NI’S Chief Vet comments on Avian Influenza (Bird Flu) confirmation

Date published: 10 December 2019

Chief Veterinary Officer Dr Robert Huey has commented following today’s confirmation that Low Pathogenic Avian Influenza (LPAI) of the H5 strain has been found in mid Suffolk.


The strain was found in a flock of broiler breeder chickens at a commercial farm.

Dr Huey commented: “In Northern Ireland the risk to poultry remains low, however Avian flu is a constant threat to all poultry.  In the winter months there is always an increasing risk of disease incursion from migrating birds and were it to enter our Northern Ireland flock, it would have a significant impact on our poultry industry, international trade and the wider economy.

“All poultry keepers, including those keeping game birds and pet birds need to act now and maintain good biosecurity at all times in order to reduce the risk of transmission of avian flu to their flocks.

“All bird keepers are urged to remain vigilant and to alert DAERA if they suspect any signs of the disease in their flocks.”

Public Health advice is that the risk to the public from the virus is very low and the Food Standards Agency has made it clear that bird flu does not pose a food safety risk for UK consumers. Thoroughly cooked poultry and poultry products, including eggs, are safe to eat.

A detailed investigation is in progress to determine the most likely source of this outbreak and any potential spread associated with it. DAERA will continue to work closely with colleagues in Defra on this issue.

Notes to editors: 

  1.  Low pathogenic avian influenza (LPAI) is a less serious strain of H5 avian influenza. It can cause mild breathing problems, but affected birds will not always show clear signs of infection. The last confirmed case of LPAI in the UK was in Dunfermline in January 2016.
  2. As a precautionary measure, a 1 km restriction zone has been introduced by Defra around the affected farm.  In this area, poultry keepers are required to implement enhanced biosecurity measures. All poultry on the affected premises will be humanely culled.
  3. The restrictions in place mean that all premises with poultry and/or captive birds within the zones will span 1 km.  The movement of birds, mammals and other things, such as carcasses, eggs, used poultry litter and manure, on or off premises where poultry is present and out of the zones are banned except under licence. No gatherings of poultry or the release of game birds are also allowed in the zones. Download more information on the restriction measures in place within the zones.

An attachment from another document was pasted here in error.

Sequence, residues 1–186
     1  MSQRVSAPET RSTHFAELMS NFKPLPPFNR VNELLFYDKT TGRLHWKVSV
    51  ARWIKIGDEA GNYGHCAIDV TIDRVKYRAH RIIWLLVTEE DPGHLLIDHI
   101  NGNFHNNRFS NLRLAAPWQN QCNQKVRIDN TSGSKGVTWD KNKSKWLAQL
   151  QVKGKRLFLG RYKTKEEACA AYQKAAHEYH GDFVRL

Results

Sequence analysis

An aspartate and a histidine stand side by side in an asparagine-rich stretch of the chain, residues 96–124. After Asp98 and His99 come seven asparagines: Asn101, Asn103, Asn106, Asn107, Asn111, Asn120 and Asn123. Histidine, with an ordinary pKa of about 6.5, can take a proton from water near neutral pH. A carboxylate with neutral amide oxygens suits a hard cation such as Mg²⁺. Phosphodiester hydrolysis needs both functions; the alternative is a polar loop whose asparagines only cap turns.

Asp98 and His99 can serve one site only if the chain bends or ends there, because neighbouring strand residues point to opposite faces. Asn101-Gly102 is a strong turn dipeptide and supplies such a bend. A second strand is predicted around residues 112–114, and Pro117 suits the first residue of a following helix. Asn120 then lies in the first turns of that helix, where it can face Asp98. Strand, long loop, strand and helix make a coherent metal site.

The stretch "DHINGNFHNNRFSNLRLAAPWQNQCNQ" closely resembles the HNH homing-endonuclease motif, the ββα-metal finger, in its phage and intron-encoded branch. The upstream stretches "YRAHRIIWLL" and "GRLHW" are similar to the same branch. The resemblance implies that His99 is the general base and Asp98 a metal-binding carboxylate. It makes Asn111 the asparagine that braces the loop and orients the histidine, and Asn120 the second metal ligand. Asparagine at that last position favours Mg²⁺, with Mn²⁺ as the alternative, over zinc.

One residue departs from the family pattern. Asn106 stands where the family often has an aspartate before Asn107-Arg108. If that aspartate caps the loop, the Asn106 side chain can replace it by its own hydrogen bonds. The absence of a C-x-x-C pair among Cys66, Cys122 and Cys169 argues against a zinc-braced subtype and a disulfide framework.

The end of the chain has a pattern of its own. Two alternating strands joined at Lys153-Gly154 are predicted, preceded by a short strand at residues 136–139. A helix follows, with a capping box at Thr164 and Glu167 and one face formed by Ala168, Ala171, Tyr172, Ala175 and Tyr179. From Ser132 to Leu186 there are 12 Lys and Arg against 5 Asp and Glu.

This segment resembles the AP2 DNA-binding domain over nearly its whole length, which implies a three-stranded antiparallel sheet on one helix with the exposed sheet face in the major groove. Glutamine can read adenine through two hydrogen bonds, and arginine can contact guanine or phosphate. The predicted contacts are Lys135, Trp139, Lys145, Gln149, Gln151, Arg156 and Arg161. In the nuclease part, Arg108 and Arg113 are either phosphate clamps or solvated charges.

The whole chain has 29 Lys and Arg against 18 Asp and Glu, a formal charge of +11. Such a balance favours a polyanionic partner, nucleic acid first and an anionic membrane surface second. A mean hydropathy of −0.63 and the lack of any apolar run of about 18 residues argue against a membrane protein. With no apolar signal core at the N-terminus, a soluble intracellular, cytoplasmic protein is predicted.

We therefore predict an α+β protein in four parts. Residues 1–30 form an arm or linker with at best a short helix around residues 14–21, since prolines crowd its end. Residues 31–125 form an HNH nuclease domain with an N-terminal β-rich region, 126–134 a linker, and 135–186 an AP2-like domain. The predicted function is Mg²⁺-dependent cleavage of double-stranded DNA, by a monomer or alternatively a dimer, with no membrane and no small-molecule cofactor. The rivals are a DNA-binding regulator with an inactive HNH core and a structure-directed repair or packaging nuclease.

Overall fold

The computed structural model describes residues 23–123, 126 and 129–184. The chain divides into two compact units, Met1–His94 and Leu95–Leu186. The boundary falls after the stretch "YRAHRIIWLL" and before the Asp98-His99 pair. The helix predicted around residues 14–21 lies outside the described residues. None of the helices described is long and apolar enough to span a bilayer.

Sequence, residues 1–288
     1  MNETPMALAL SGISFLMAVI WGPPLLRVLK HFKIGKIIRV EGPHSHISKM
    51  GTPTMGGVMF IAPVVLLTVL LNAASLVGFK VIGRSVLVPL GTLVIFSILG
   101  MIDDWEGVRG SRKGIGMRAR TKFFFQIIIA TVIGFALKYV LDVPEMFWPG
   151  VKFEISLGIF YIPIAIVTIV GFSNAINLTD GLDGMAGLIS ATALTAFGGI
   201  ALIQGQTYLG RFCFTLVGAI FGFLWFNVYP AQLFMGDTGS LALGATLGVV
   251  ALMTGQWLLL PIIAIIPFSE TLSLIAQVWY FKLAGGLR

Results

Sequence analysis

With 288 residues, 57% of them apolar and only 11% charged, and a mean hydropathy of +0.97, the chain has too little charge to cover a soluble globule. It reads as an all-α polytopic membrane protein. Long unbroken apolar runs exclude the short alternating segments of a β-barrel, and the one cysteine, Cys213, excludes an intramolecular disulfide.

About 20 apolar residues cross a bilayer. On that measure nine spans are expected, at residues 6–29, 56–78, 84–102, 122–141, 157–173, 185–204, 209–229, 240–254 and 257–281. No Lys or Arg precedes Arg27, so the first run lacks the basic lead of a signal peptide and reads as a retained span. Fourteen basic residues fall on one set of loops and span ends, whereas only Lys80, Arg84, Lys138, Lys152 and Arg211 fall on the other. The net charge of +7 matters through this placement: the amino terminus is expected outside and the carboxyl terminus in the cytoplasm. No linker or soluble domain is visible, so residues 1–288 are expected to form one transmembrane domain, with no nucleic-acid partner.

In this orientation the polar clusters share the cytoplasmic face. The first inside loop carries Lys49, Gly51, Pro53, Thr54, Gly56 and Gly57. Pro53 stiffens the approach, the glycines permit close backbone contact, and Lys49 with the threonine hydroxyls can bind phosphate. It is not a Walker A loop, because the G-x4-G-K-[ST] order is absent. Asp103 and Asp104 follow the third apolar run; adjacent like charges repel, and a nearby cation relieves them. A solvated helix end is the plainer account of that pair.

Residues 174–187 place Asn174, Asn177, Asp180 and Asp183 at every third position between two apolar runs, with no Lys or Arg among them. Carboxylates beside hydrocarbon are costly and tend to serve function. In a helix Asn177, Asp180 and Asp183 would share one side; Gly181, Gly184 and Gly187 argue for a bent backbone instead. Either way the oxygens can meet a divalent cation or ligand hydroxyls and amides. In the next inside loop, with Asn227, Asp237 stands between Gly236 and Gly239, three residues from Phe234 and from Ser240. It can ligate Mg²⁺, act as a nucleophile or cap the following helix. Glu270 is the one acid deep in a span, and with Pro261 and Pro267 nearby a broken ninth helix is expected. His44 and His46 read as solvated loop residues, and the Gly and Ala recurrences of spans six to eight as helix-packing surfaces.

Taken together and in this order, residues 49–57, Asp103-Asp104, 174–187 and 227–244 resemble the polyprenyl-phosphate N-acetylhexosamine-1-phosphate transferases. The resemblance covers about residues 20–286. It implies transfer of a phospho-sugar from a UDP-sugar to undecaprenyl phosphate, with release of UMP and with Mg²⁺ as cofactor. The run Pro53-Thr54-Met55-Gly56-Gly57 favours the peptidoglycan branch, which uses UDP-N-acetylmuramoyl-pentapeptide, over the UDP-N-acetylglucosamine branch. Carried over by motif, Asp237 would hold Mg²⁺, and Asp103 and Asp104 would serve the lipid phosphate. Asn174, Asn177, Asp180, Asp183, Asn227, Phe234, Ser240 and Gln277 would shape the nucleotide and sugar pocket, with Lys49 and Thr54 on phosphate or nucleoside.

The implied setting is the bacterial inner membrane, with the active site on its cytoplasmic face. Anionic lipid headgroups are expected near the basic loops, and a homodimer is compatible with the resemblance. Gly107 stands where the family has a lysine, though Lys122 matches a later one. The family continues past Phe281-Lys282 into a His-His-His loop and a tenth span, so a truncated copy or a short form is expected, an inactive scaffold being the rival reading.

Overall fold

4. 27,000 birds at the farm have been affected.
  5. Since June 2017, there have been no detections of avian influenza in poultry or kept birds in the UK. The UK has retained its OIE country freedom status since September 2017.
  6. Bird flu is a notifiable animal disease. If a type of bird flu in poultry is suspected keepers must report it immediately to the DAERA Helpline on 0300 200 7840 or by contacting their DAERA Direct Regional Offices.
  7. If the public find dead wild waterfowl (swans, geese or ducks) or other dead wild birds, such as gulls or birds of prey, they should report them to the DAERA Helpline on 0300 200 7840.
  8. Clinical signs that poultry keepers should look for in their birds include a swollen head, discolouration of neck and throat, loss of appetite, respiratory distress, diarrhoea and fewer eggs laid – although clinical signs vary between species of birds.
  9. Follow DAERA on Twitter and Facebook.
  10. Download more information on biosecurity and how to prevent disease.
  11. All media queries should be directed to the DAERA Press Office on 028 9052 4619 or via email. Out of office hours please contact the duty press officer on 028 9037 8110.

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